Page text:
But Christ is not irrelevant. He is Lord. He is the way, the truth, and the life. Christ has come to us refusing the warhorse and riding the peace donkey. His crown was of thorns, his throne was a cross, his coronation was by crucifixion. He died faithfully showing us the way of the Father. Now the Father has vindicated Jesus in resurrection and exalted him to authority over the nations. We live in the days of the prophets’ dreams.

See, your king comes to you;
triumphant and victorious is he,
humble and riding on a donkey,
on a colt, the foal of a donkey.
He will take away the chariot from Ephraim,
and the warhorse from Jerusalem.
The weapons of war will be broken,
and he will teach peace to the nations.
–Zechariah 9:9, 10

He will mediate between peoples
And will settle disputes between strong nations far away.
They will hammer their swords into plowshares
and their spears into pruning hooks.
Nation will no longer fight against nation,
Nor train for war anymore.
–Micah 4:3

Swords turned into plowshares, spears into pruning hooks. Tanks turned into tractors, missile silos into grain silos. The study of war abandoned for learning the ways of the Lord. Instead of academies where we learn to make war, there will be universities where we learn to wage peace. The cynic will laugh (for lack of prophetic imagination), but this is the prophet’s vision of Messiah.

This is my simple message: Jesus is that Messiah. Jesus is the promised Prince and Peace. We know this because God has set his seal upon him by raising him from the dead. Because this is so, we must repent and rethink everything. We must listen to Jesus, learn from him, follow him, and imitate his ways of peace. Now. Not someday, but today. We can no longer afford not to. After Los Alamos we became death. But Jesus will lead us to life…if we will follow him.


P.S. On August 6 I will have a post on Hiroshima and on August 9 a post on Nagasaki.

  • Debra

    “Because this is so, we must repent and rethink everything.” I agree. Yet, I am afraid that the masses have already surrendered the fundamental essence of our humanity – the ability to think, leading to the inability to feel, so that the massive death of flesh is a manifestation to come of the truth that: as a man [collective men] think in [our] heart; so [are] we. (Proverbs 23:7) As in the days of Noah will be the violent days of the end … when the thoughts and intentions of the collective are evil continually. Some will repent, hallelujah. There are still some in the highways and byways. There are still some who will answer the knock of the Lord on the satiated Laodicean church’s heart. So we must continue to uplift this Messiah, the only One who is able to bring the peace and security that has eluded mankind since Cain and Able became the representative “ever after” in the story of the collective.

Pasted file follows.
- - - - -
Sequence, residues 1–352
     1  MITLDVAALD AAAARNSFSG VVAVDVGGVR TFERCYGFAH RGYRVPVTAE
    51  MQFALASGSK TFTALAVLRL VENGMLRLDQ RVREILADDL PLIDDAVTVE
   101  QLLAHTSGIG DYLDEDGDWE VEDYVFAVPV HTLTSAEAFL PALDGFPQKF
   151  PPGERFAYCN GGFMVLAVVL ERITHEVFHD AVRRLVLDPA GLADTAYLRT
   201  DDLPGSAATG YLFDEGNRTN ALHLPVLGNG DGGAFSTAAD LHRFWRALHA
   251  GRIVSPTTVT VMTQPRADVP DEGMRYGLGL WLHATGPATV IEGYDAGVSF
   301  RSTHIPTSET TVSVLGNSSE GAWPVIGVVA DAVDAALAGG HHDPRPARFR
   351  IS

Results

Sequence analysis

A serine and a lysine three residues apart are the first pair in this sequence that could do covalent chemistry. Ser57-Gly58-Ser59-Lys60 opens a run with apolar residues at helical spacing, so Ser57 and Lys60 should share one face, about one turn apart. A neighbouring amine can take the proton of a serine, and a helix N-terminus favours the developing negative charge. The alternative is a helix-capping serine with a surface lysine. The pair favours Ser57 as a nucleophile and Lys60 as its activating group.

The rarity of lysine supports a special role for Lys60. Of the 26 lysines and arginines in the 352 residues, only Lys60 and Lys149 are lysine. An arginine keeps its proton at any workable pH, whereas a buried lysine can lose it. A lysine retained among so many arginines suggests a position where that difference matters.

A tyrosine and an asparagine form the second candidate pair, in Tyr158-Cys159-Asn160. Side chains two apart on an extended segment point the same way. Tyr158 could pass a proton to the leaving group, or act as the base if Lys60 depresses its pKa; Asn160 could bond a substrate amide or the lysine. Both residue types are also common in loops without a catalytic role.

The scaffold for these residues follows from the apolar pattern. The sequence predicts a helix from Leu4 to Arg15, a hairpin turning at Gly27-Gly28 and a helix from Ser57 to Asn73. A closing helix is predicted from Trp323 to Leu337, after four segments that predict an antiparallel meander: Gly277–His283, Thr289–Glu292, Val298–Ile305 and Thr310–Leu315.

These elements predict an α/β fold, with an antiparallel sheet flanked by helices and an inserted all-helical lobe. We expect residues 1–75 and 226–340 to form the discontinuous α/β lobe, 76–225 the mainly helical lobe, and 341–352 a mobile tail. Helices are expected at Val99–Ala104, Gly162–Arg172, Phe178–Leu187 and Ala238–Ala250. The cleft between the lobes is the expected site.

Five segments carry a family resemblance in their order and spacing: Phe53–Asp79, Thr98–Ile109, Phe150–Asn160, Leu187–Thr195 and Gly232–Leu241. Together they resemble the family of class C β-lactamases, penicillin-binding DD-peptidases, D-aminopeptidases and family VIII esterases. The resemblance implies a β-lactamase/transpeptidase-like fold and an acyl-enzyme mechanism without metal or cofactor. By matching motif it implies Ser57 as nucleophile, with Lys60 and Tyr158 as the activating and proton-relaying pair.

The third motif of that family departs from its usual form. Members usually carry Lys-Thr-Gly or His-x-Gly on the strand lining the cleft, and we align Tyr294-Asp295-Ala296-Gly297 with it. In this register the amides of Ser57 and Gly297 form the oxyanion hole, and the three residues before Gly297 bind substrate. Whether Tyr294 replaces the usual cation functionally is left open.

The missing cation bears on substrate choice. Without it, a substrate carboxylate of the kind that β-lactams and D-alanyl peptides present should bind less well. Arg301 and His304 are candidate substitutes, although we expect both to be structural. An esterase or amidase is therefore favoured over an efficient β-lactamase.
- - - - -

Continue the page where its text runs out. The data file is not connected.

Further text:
• Joey Millington

    Love this post, but if Jesus is God (“If you want to know what God is like, look to Jesus”) how can we explain what God asked Joshua to do in the Old Testament (First Covenant)? I am not trying to start an argument. I am genuinely seeking an answer to this question.
    Thank you!

  • In building the atomic bomb, weren’t the sons and daughters of Abel the children who found a way to kill Cain a million at a time since Imperial Japan was the aggressor?

  • It’s the killing that defines Cain.

  • All of humanity is capable of killing, but isn’t Cain defined as the first of us to have killed, i.e., to set the precedent?

  • Thomas

    I agree with your posts many times. However, I feel that you sometimes jumble everything together and I disagree that you can do that. A weapons manufacturer is different than a firearm manufacturer. Also, many comments I have read about our military (not in this post) are factually incorrect. 1% of people in the military actually fight and are involved with “violence”. The others do a variety of things many of which help people and have nothing to do with violence, war, or American greed. Your overall message is spot on, but your passion I feel many times spills into unfamiliar territory at times.

  • Gerald Lewis

    The answer in in Lamech’s confession and Jesus rebuttal. Lamech embraced escalating violence with a neverending wrath with the use his 70X7 statement. Jesus countered this with ever increasing mercy or 70X7 which ended the argument. By use of these specific words, He gave us the vision of our future. Jesus was truly awesome.

  • Jefferson W. Slinkard

    Brian You said “there will be universities where we learn to wage peace” would the teaching not first be taught to our children who will become the next generation? Or, maybe what your saying is, mankind will learn peace gradually and realize the teaching of it will lead to universities with classes taught on peace.?